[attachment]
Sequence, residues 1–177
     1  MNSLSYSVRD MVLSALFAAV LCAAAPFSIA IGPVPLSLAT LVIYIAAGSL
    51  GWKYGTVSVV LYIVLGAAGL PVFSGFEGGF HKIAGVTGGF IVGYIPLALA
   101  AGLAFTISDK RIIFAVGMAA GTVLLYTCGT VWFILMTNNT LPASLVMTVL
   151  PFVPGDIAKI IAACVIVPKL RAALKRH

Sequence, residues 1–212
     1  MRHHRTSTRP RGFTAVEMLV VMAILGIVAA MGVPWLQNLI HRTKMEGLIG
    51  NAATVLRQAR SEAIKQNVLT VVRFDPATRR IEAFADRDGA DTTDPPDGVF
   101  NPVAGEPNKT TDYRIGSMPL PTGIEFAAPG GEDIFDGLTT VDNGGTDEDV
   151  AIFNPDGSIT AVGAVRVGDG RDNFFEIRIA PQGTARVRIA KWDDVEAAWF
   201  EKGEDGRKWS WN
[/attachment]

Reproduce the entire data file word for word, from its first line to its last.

Sequence, residues 1–177
     1  MNSLSYSVRD MVLSALFAAV LCAAAPFSIA IGPVPLSLAT LVIYIAAGSL
    51  GWKYGTVSVV LYIVLGAAGL PVFSGFEGGF HKIAGVTGGF IVGYIPLALA
   101  AGLAFTISDK RIIFAVGMAA GTVLLYTCGT VWFILMTNNT LPASLVMTVL
   151  PFVPGDIAKI IAACVIVPKL RAALKRH

Sequence, residues 1–212
     1  MRHHRTSTRP RGFTAVEMLV VMAILGIVAA MGVPWLQNLI HRTKMEGLIG
    51  NAATVLRQAR SEAIKQNVLT VVRFDPATRR IEAFADRDGA DTTDPPDGVF
   101  NPVAGEPNKT TDYRIGSMPL PTGIEFAAPG GEDIFDGLTT VDNGGTDEDV
   151  AIFNPDGSIT AVGAVRVGDG RDNFFEIRIA PQGTARVRIA KWDDVEAAWF
   201  EKGEDGRKWS WN